Perhaps the main issue behind the problem is not to whom a scolarship is granted, but more about why it is needed. Here in Finland and other Nordic countries the universities are free of charge. The former socialist governments have decided, that not only the rich kids and the exeptionally talented poor youth with scolarship may enter higher education, but all talented and none who arent. The government basicly pays the costs of all the universities and professional education. The governments also pay allowance to all students, so their living costs are mostly covered. The government allowance is small and most students coming from poor families will work along their studies, but basicly everyone with enough talent and will to pass through university or other education can accomplish this. It is a mighty asset to small countries to harness the brainpower of all talented people, not just those who are rich enough to pay for higher education, like in most of the world. Our system is not only profitable for the nations, it is also fair. I could never have afforded to enter university, in a country where my poor parents would have had to pay for it. Though I am a white male.

    • Well, scholarships are needed because college costs are out of control due to student loans being so easy to get. Because students do not have to pay out of pocket up front, the costs are artificially inflated. College tuition has grown so far out of proportion with inflation it’s mind numbing. So of course what is not covered by loans must be made up with grants and scholarships if the student cannot afford the balance.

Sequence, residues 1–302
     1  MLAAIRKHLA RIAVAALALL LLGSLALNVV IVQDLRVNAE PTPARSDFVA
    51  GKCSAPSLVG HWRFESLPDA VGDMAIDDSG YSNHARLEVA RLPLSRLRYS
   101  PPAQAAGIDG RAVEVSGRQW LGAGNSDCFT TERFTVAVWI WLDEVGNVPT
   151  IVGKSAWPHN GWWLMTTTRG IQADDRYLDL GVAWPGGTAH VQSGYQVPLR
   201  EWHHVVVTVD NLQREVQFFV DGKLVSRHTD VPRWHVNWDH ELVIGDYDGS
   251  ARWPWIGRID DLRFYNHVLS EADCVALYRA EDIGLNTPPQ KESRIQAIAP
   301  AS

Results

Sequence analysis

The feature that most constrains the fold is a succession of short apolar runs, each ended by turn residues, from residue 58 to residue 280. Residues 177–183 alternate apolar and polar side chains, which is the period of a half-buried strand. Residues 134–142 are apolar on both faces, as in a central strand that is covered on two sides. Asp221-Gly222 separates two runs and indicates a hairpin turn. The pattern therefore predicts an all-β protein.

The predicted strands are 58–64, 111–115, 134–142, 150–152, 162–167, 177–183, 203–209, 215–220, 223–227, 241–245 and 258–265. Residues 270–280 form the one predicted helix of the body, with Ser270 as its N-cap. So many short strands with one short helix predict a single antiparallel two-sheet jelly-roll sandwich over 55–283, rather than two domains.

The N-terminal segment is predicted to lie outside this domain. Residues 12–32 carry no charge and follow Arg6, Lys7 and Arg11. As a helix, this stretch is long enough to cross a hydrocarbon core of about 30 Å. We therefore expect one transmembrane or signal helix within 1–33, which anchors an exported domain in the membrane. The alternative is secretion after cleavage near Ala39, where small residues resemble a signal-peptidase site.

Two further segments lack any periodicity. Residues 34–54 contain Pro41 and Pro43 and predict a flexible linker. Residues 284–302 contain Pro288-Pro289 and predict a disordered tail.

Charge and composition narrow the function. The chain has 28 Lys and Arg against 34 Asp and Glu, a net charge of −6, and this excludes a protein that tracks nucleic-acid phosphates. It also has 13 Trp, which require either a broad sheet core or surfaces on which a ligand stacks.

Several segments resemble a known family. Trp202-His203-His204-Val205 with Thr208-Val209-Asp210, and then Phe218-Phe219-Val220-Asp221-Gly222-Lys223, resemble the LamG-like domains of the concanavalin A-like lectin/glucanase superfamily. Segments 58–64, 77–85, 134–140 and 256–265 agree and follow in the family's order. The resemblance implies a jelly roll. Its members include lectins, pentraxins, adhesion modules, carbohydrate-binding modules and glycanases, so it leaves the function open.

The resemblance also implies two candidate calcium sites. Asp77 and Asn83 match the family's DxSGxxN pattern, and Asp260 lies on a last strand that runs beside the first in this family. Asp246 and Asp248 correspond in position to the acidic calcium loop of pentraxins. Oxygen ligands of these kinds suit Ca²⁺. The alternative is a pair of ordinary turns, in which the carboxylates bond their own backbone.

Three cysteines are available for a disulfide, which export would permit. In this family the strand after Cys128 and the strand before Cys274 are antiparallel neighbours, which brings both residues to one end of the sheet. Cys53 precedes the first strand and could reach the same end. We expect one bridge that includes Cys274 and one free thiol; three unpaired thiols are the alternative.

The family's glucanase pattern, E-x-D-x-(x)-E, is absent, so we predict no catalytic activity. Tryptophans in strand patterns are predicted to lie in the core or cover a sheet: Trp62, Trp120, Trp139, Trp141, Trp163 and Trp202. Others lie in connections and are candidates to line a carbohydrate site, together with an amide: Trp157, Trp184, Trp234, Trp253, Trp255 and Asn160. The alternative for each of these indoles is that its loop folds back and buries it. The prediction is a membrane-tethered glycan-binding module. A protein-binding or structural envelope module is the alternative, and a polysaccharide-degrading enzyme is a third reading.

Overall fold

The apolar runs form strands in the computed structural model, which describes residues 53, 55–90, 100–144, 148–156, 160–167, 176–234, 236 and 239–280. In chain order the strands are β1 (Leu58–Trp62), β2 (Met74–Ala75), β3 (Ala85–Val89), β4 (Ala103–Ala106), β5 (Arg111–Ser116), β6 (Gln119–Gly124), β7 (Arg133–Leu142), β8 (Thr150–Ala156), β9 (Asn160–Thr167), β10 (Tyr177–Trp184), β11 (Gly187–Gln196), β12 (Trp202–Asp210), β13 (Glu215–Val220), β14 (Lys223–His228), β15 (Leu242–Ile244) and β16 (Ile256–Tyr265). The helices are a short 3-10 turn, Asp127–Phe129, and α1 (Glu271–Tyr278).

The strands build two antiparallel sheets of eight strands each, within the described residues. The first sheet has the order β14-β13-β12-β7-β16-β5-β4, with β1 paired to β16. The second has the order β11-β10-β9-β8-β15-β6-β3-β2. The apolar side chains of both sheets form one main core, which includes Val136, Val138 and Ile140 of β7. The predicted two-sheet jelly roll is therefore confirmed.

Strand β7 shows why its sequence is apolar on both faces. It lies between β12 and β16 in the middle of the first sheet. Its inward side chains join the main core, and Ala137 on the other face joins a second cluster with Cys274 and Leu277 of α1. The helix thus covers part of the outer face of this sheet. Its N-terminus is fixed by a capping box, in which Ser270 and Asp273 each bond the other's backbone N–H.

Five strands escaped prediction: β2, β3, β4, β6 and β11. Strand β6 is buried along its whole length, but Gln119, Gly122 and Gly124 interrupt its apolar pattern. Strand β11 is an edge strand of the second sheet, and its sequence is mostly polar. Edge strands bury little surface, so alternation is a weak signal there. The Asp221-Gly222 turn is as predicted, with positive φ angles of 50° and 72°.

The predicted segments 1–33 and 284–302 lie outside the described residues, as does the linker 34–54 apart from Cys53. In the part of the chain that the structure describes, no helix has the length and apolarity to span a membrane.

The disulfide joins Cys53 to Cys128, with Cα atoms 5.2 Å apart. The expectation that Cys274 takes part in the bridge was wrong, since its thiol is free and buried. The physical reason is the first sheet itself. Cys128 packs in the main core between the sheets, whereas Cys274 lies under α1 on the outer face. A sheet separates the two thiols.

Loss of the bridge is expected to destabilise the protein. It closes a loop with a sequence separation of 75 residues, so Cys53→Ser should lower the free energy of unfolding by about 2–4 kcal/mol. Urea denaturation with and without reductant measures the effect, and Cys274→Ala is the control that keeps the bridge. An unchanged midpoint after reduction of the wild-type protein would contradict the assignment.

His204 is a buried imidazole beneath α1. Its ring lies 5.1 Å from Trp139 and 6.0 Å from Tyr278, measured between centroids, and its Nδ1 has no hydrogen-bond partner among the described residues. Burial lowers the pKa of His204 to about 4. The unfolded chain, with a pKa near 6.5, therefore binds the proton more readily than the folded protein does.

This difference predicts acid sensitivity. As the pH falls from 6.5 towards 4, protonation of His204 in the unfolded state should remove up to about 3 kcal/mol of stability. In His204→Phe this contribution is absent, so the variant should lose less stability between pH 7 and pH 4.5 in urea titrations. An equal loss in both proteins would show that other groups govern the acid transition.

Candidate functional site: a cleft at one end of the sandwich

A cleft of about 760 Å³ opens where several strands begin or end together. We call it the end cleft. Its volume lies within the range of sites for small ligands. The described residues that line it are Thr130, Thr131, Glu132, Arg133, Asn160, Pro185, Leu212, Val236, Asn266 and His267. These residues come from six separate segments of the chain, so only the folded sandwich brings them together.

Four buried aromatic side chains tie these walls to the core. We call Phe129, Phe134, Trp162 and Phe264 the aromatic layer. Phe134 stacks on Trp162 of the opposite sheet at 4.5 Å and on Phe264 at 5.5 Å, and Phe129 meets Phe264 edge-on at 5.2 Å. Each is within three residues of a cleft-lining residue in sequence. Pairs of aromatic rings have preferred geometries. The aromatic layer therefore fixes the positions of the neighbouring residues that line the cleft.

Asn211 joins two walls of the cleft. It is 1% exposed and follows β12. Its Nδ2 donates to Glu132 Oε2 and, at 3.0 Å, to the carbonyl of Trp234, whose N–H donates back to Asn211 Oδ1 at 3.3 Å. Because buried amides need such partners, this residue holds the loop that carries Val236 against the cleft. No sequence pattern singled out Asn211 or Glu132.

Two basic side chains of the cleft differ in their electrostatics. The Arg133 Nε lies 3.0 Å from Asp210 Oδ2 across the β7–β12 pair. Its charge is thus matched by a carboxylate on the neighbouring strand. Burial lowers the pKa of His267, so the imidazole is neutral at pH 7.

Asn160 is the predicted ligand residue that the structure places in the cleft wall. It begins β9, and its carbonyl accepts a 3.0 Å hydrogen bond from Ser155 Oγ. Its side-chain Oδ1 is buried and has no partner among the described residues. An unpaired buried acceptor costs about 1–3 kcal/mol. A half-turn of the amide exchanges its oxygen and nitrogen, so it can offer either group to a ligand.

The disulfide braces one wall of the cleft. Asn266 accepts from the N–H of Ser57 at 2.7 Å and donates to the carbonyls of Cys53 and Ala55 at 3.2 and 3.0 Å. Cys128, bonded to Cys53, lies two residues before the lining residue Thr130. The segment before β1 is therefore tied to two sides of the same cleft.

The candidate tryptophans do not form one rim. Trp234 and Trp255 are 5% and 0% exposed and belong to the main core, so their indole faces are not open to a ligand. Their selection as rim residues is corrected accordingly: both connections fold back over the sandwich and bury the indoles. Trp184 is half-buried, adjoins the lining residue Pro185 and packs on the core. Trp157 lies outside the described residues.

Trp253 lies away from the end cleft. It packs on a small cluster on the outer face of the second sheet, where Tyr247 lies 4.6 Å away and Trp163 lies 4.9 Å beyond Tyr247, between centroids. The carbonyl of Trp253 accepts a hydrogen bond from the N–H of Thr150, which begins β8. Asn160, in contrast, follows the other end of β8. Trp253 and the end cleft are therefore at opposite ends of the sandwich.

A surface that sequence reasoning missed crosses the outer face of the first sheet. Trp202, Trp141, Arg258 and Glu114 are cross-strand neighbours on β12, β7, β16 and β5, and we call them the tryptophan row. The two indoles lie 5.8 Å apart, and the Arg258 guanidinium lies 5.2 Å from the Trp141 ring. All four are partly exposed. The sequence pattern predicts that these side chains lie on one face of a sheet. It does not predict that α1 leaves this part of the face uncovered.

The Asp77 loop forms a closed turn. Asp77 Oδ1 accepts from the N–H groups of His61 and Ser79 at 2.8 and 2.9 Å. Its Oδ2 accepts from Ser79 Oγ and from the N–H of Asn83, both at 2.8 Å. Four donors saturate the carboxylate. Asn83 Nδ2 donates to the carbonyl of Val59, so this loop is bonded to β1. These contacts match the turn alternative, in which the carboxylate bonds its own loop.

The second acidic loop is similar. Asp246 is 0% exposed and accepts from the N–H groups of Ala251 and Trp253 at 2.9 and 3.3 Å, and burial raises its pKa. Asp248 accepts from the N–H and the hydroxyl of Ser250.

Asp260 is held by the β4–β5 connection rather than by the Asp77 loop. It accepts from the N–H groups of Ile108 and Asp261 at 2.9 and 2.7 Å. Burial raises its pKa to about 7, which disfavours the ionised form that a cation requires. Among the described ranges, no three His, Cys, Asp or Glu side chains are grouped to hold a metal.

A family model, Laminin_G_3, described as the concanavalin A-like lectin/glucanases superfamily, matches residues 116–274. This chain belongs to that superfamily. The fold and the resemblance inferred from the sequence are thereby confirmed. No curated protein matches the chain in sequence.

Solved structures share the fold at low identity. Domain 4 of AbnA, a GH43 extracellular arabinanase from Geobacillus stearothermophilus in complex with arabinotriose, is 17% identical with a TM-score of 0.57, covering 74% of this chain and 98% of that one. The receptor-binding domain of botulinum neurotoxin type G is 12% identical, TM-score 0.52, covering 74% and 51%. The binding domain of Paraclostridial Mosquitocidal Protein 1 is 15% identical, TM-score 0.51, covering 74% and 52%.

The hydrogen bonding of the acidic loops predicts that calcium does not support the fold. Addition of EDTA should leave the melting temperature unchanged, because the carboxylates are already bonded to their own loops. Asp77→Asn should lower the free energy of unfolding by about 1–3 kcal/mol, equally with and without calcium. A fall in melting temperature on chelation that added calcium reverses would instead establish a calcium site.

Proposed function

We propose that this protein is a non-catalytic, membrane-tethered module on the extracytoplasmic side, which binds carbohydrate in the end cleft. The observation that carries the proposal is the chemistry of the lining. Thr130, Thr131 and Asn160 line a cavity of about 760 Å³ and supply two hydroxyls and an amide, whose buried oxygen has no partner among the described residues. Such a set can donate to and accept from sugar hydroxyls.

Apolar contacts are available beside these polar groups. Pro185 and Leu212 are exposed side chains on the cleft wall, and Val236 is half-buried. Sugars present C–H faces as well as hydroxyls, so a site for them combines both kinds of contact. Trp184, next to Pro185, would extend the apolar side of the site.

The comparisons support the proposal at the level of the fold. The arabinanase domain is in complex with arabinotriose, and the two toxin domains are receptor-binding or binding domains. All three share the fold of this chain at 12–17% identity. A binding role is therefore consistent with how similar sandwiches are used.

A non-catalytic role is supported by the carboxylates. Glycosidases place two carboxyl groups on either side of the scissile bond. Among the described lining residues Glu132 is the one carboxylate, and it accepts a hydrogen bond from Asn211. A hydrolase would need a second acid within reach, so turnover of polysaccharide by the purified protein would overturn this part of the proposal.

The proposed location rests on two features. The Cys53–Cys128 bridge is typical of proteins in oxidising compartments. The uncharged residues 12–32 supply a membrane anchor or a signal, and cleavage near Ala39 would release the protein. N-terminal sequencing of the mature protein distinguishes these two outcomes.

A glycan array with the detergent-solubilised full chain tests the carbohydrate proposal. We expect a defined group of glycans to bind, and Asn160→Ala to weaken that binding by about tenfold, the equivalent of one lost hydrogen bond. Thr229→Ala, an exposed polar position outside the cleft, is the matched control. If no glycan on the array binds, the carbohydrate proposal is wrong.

But scholarships and grants given out by private organizations, are looking to help a segment of the population they think needs it. The NAACP for example, or United Negro College Fund exist in order to help black students who want to go to college, but who do not have the money. Those two also help non-black applicants, not in the same proportion as they do black applicants, but they shouldn’t have to. If they exist to help blacks, then who are we to tell them they shouldn’t exclude. If I’m remembering correctly they both only offer scholarship money to non-blacks because of pressure, and that’s wrong.

      Private foundations and companies, like private individuals should be able give, or not give as they please with their money.

      • rautakyy says:

        Yes, I agree that the private doners of scholarship have the right to give their money to whom ever they want. My point is that nobody should have to depend their education on scholarships. Otherwise it will be those who have money who will determine who gets to have an education and what kind of education is supported, not the talents of the students.

        Free educational system is a good investment of the taxpayers money. That way companies can be sured of talented and widely educated working force. Common people can expect best possible education to their offspring wether they can afford it themselves or not. It also effects the salary expectations of workers with family, since they do not have to worry about earning enough to put their children through school. It has its downsides too, like the fact that if you are not educated, it is easily seen as your own fault, or as a result of being downright stoopid. While there are, of course, other reasons wich effect how a person manages at school than just talents and intelligence.

        We also have a student lone system in Finland, but this is only in addition to the government allowance. Because of the disasterous state of the world wide free market economy, people are less and less inclined to take loans. We have private scholarship doners too. These small donations come as extra income to the students and sometimes may help them to graduate faster, but I expect much of that money is also spent on travelling around the globe. They may be given to people with certain ethnic backround, like the swedish speaking finns, who as an ethnic group hold much property within the nation, but are not all rich.